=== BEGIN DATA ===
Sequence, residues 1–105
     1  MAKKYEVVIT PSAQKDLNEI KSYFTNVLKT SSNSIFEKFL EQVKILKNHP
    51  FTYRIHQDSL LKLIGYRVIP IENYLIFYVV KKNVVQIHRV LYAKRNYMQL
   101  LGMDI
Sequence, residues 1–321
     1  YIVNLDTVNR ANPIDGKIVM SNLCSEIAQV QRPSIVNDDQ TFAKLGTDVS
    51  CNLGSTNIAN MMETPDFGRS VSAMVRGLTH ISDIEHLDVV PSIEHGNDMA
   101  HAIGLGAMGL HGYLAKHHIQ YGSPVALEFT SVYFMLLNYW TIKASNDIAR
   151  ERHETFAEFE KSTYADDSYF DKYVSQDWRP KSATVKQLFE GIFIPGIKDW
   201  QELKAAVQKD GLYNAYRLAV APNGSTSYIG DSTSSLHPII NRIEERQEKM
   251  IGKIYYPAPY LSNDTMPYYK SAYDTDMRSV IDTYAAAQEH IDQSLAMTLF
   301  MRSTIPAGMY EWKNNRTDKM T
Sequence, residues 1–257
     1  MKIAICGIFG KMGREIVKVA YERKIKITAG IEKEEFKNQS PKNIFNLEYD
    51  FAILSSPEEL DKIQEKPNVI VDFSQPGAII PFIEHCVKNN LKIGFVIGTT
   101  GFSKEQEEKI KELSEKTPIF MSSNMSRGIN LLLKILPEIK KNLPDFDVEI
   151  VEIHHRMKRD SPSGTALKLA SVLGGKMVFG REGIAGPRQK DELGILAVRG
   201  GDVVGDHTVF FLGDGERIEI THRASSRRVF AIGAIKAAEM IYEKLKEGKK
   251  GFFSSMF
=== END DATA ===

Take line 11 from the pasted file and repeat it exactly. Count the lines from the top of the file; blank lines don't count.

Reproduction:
   251  IGKIYYPAPY LSNDTMPYYK SAYDTDMRSV IDTYAAAQEH IDQSLAMTLF